Three arrested in Sardinian wind farms probe
An investigation into suspected corruption surrounding contracts for wind farms in Sardinia led to the arrests of three suspects on Thursday, including Flavio Carboni, a businessman with alleged ties to a leading politician in Italy’s ruling People of Liberty party.
Italian media quoted Mr Carboni’s lawyer, Renato Borzone, as saying he had been taken to Rome’s Regina Coeli prison.
Mr Carboni has denied the allegations. A well known figure, Mr Carboni, 78, was acquitted in May of charges of involvement in the murder of Roberto Calvi, the former head of Banco Ambrosiano known as God’s Banker who was found hanging under London’s Blackfriars bridge in June, 1982.
Denis Verdini, a member of parliament and one of three managers of the People of Liberty, is also under investigation in connection with the Sardinian wind farms case in his role as head of Credito Cooperativo Fiorentino, a bank in Tuscany, where Mr Carboni is reported to have deposited money.
Mr Verdini has denied any wrongdoing. Silvio Berlusconi, prime minister and leader of the People of Liberty, has spoken out in public in support of Mr Verdini. The governor of Sardinia, Ugo Cappellacci, elected last year in a campaign backed by Mr Berlusconi , is also reported to be under investigation in the case.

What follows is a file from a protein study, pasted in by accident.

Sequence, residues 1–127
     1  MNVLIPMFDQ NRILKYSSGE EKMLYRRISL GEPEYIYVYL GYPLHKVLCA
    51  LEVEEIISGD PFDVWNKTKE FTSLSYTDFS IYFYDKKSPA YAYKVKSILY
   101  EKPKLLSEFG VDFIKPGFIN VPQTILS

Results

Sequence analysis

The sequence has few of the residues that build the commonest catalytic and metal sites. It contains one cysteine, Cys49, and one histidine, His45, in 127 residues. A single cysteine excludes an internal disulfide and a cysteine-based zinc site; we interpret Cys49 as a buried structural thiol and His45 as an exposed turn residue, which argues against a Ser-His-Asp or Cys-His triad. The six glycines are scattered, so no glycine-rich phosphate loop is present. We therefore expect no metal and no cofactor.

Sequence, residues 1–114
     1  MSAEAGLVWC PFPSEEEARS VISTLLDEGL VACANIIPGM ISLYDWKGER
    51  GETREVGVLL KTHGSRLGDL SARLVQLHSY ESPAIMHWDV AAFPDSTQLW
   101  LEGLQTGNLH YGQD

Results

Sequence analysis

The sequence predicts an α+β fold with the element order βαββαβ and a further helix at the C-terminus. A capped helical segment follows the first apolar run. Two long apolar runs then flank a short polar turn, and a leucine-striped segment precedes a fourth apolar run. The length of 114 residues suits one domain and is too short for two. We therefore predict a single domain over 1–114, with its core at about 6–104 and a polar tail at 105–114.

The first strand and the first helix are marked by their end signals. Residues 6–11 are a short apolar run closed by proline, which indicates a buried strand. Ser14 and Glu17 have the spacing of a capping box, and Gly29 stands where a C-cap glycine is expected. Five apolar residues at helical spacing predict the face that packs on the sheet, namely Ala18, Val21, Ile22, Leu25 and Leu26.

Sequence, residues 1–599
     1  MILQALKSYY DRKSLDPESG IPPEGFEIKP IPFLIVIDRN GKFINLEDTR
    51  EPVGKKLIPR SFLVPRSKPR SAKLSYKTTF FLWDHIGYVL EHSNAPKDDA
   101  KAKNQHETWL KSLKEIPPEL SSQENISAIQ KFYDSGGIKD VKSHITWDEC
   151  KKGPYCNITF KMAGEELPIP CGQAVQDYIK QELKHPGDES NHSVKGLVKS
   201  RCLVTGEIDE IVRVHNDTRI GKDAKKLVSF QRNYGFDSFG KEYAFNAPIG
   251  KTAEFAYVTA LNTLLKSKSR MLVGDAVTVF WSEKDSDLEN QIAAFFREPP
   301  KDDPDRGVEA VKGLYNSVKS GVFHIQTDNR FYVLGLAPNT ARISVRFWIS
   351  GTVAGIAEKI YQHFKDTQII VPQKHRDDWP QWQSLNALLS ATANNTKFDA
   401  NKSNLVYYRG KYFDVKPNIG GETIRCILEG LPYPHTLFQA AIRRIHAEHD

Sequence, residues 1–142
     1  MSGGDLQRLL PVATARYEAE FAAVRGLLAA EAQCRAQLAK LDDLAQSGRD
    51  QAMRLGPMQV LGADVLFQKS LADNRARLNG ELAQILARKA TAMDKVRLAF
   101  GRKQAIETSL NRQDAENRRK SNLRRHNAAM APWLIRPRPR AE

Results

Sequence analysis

Italian media also reported the arrests on Thursday of Pasquale Lombardi, a surveyor and former politician, and Arcangelo Martino, a Naples businessman.
Reports cited Rome prosecutors as saying they were also investigating the possible involvement of the three arrested suspects in a secret society.
Italian media, quoting investigating magistrate Giovanni De Donato in submitting his request for the three arrests, said the men were suspected of forming a secret and criminal organisation with the possible intent of influencing constitutional bodies and public authorities. The three men were said to have attempted to approach judges of the Constitutional Court late last year when they were deliberating on a law passed by parliament to give immunity from prosecution to Silvio Berlusconi, prime minister, and other senior officials. The court ultimately threw out the law as unconstitutional